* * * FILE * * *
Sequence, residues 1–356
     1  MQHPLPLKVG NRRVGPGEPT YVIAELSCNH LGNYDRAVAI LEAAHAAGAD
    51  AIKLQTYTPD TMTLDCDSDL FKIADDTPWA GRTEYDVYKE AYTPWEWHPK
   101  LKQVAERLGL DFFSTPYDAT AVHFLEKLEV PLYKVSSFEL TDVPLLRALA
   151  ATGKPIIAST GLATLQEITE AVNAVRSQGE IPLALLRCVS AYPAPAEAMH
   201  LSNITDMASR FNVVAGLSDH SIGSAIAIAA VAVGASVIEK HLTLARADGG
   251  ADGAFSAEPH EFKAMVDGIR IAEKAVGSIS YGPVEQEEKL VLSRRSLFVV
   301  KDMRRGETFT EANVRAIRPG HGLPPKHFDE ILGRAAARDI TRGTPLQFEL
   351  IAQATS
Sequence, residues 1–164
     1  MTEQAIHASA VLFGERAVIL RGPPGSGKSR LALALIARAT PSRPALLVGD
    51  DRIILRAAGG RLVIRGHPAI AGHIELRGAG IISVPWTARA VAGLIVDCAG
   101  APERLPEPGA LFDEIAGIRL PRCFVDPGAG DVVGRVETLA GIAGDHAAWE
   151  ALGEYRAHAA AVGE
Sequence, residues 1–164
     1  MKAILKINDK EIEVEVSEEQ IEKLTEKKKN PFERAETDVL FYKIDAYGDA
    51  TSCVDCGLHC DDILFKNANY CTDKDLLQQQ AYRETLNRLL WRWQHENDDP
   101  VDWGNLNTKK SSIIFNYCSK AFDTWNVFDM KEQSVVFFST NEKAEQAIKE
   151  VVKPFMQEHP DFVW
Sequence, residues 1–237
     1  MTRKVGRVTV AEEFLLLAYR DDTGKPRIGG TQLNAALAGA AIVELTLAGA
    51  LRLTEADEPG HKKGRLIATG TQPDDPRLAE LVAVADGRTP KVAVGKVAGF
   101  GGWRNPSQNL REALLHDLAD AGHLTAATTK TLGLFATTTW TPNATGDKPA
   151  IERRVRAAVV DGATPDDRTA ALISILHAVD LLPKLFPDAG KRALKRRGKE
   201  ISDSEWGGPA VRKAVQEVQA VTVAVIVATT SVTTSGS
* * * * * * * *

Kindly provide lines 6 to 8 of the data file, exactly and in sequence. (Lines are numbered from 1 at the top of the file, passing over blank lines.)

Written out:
   201  LSNITDMASR FNVVAGLSDH SIGSAIAIAA VAVGASVIEK HLTLARADGG
   251  ADGAFSAEPH EFKAMVDGIR IAEKAVGSIS YGPVEQEEKL VLSRRSLFVV
   301  KDMRRGETFT EANVRAIRPG HGLPPKHFDE ILGRAAARDI TRGTPLQFEL